Date   

Re: Question about inet_set_socket_state trace point

Raga lahari
 

Hello,

Correcting typo in code snippet

<code>

TRACEPOINT_PROBE(sock, inet_sock_set_state) {


if (args->newstate == TCP_ESTABLISHED) 

                 __sync_fetch_and_add(val, 1); 

       if (args->oldstate == TCP_ESTABLISHED)       

                 __sync_fetch_and_add(val, -1);  

 } 



Thanks & Regards,
Ragalahari


On Wed, Oct 14, 2020 at 10:35 AM Raga lahari <ragalahari.potti@...> wrote:

Hi everyone,


I am using inet_set_socket_state trace point to get current establish connection count

Here, incrementing counter value in BPF map when new state is TCP_ESTABLISHED and decrementing when old state is TCP_ESTABLISHED.


But observed that the map count is having discrepancy with what netstat shows. When we start the probe, it looks all fine, but when we leave it running say for 2-3 days we see the difference. And this difference is building over time.

Can someone please help me here if I am missing something?


<code>

TRACEPOINT_PROBE(sock, inet_sock_set_state) {


if (args->newstate >= TCP_ESTABLISHED) 

                 __sync_fetch_and_add(val, 1); 

       if (args->newstate >= TCP_ESTABLISHED)       

                 __sync_fetch_and_add(val, -1);  

 } 


netstat -tanp  | grep -i "EST" | wc -l

Thanks,
Ragalahari


Re: Question about inet_set_socket_state trace point

Tristan Mayfield
 

Hi Ragalahari,

In your code you seem to not check for "old state" when you're heading to decrement. It looks like you are adding 1 and then immediately subtracting 1 in the same condition. That might be your problem? You never stated what the difference between it and netstat are so I can't be sure.

Tristan


Question about inet_set_socket_state trace point

Raga lahari
 

Hi everyone,


I am using inet_set_socket_state trace point to get current establish connection count

Here, incrementing counter value in BPF map when new state is TCP_ESTABLISHED and decrementing when old state is TCP_ESTABLISHED.


But observed that the map count is having discrepancy with what netstat shows. When we start the probe, it looks all fine, but when we leave it running say for 2-3 days we see the difference. And this difference is building over time.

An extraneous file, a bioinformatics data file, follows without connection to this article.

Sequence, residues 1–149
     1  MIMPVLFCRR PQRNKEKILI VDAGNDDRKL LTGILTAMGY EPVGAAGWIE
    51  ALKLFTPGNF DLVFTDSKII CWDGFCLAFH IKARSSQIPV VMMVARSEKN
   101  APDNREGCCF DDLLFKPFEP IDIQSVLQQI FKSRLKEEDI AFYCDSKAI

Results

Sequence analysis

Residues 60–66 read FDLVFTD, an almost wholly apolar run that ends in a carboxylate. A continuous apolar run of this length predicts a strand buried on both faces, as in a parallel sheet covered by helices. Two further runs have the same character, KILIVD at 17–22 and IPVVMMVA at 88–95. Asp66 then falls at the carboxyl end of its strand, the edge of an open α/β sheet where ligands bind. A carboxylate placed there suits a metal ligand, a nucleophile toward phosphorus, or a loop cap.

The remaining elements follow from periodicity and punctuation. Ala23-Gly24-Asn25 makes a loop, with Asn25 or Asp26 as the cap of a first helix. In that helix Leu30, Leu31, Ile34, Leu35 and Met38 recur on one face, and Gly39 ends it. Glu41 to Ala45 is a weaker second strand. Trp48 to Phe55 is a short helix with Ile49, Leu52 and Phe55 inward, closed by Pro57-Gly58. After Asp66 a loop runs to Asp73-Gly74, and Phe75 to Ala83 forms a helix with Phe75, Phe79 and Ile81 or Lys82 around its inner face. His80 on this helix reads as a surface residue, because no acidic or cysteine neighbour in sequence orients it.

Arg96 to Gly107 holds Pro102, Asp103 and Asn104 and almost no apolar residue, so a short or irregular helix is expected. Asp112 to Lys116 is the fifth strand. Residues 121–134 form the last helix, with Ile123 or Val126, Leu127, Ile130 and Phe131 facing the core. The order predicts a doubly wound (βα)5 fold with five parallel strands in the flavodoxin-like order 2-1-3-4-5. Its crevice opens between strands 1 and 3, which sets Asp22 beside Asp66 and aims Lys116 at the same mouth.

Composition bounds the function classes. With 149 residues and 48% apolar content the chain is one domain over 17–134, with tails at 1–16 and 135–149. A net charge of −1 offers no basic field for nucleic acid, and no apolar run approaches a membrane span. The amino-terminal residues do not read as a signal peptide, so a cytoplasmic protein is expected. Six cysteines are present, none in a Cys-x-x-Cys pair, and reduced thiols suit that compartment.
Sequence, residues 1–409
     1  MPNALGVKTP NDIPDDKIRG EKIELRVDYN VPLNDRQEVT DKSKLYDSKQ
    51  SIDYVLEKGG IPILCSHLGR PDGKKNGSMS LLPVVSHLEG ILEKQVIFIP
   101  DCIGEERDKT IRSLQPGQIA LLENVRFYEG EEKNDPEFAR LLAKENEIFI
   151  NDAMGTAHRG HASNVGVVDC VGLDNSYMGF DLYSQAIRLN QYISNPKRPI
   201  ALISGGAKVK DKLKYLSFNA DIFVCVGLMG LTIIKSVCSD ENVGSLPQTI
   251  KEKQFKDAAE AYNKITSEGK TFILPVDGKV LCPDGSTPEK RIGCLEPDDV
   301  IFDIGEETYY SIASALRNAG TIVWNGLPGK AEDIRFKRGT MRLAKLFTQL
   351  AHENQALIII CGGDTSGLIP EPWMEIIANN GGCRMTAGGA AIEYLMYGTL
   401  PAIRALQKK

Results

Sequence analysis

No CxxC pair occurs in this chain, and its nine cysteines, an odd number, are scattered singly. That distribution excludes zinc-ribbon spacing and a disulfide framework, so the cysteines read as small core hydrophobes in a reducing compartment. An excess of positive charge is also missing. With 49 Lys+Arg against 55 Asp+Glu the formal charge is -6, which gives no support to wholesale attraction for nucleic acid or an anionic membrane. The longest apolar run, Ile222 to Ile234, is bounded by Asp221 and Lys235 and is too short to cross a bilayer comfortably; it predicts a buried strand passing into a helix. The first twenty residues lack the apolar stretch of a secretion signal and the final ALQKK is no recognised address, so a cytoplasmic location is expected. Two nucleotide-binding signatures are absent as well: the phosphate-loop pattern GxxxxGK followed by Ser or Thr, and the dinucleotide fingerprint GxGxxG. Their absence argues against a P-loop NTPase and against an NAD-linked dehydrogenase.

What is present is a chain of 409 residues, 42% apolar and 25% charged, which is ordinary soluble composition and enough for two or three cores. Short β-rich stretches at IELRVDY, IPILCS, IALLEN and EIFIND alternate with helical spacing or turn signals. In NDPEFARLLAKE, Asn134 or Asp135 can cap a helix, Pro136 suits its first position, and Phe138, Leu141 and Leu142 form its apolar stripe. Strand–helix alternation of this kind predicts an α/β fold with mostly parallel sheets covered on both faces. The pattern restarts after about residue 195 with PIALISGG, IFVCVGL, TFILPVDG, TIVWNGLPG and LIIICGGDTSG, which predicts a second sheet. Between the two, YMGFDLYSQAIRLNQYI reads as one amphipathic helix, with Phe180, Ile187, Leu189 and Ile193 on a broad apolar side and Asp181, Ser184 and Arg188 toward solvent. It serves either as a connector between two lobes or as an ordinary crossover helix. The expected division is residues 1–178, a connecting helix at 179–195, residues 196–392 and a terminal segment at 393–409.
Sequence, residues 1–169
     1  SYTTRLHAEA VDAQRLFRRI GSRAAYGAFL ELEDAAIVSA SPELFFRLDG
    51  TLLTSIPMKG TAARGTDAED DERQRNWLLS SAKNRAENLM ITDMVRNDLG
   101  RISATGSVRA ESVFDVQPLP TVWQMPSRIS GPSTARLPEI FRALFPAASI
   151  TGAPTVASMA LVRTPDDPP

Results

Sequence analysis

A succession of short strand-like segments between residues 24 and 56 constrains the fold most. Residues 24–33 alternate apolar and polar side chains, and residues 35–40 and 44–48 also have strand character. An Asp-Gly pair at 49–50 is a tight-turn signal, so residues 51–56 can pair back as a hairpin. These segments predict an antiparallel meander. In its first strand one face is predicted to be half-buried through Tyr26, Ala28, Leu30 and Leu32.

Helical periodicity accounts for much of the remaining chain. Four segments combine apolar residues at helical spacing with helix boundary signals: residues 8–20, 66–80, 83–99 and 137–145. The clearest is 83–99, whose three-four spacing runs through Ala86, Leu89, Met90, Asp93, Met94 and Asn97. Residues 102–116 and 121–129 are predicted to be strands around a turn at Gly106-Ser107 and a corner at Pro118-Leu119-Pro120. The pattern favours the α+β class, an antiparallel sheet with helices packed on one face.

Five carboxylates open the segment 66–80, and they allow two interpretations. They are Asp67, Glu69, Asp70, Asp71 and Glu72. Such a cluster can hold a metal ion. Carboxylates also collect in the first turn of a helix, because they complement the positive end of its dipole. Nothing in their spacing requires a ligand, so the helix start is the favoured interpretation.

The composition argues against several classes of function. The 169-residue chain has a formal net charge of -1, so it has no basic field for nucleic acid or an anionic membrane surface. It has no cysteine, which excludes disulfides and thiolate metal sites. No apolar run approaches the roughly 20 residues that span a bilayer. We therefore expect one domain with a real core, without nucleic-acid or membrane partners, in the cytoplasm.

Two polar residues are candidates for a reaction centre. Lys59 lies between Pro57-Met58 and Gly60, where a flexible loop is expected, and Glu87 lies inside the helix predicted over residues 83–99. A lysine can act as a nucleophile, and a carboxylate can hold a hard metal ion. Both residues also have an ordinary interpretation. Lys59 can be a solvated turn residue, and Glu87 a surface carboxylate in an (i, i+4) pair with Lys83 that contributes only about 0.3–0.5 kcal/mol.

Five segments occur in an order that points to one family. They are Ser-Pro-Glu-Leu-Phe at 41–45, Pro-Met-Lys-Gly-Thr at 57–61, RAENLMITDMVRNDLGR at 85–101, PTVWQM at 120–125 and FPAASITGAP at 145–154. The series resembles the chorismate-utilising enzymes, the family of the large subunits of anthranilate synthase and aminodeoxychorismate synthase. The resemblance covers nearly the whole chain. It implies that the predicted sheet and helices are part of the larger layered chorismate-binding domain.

Can someone please help me here if I am missing something?


<code>

TRACEPOINT_PROBE(sock, inet_sock_set_state) {


if (args->newstate >= TCP_ESTABLISHED) 

                 __sync_fetch_and_add(val, 1); 

       if (args->newstate >= TCP_ESTABLISHED)       

                 __sync_fetch_and_add(val, -1);  

 } 


netstat -tanp  | grep -i "EST" | wc -l

Thanks,
Ragalahari


Re: [vagrant] accept PR to bring iovisor/vagrant to ubuntu 20.04 (from ubuntu 14.04)

Brenden Blanco
 

Sure I can accept a PR.

On Fri, Oct 9, 2020 at 5:59 AM <github@...> wrote:

I have to create a test-environment (based on vagrant) the last couple of days and i've done this with ubuntu 20.04 as base image.

Is the repository https://github.com/iovisor/vagrant still active?
If yes i would create a PR to update this Repository.


[vagrant] accept PR to bring iovisor/vagrant to ubuntu 20.04 (from ubuntu 14.04)

github@...
 

I have to create a test-environment (based on vagrant) the last couple of days and i've done this with ubuntu 20.04 as base image.

Is the repository https://github.com/iovisor/vagrant still active?
If yes i would create a PR to update this Repository.


Re: Tracepoint/Kprobe for tracking inbound connections

Forrest Chen
 

you can attach kprobe in 'tcp_conn_request" for inbound connection

--
forrest0579@...


Re: Tracepoint/Kprobe for tracking inbound connections

Yonghong Song
 

On Tue, Sep 29, 2020 at 4:14 AM Kanthi P <Pavuluri.kanthi@...> wrote:

Hi,

I am looking for tracking inbound connections on a system using tracepoints/kprobes.

I was checking "trace_inet_sock_set_state", with which we can track the state changes during connection establishment and closure. It seems straightforward to track total connections, but since we only want inbound, one way would be to look at what are the ip addresses/ports on which a node listens to and while tracking the state changes, I can see if the local address/port matches to the one this system listens on and based on that make a decision whether its an inbound connection or not. This looks a bit roundabout way for me, so thought of reaching for suggestions to do it simpler.

Another way is to store the socker address when TCP_SYN_RECV to TCP_ESTABLISHED state change happens and during closure we can check if it is for this socket, so we know its inbound connection. But this would make the map size grow too high as we have about 50k concurrent connections.

Can you suggest a better way to do this?
Maybe you can use sk_local_storage? You can attach a piece of
information to the socket during TCP_SYN_RECV and later on during
TCP_ESTABLISHED to check that data, and you can delete that data from
the socket if you do not need it any more,
all in bpf program.


Thanks,
Kanthi


Tracepoint/Kprobe for tracking inbound connections

Kanthi P
 

Hi,

I am looking for tracking inbound connections on a system using tracepoints/kprobes.

I was checking "trace_inet_sock_set_state", with which we can track the state changes during connection establishment and closure. It seems straightforward to track total connections, but since we only want inbound, one way would be to look at what are the ip addresses/ports on which a node listens to and while tracking the state changes, I can see if the local address/port matches to the one this system listens on and based on that make a decision whether its an inbound connection or not. This looks a bit roundabout way for me, so thought of reaching for suggestions to do it simpler.

Another way is to store the socker address when TCP_SYN_RECV to TCP_ESTABLISHED state change happens and during closure we can check if it is for this socket, so we know its inbound connection. But this would make the map size grow too high as we have about 50k concurrent connections.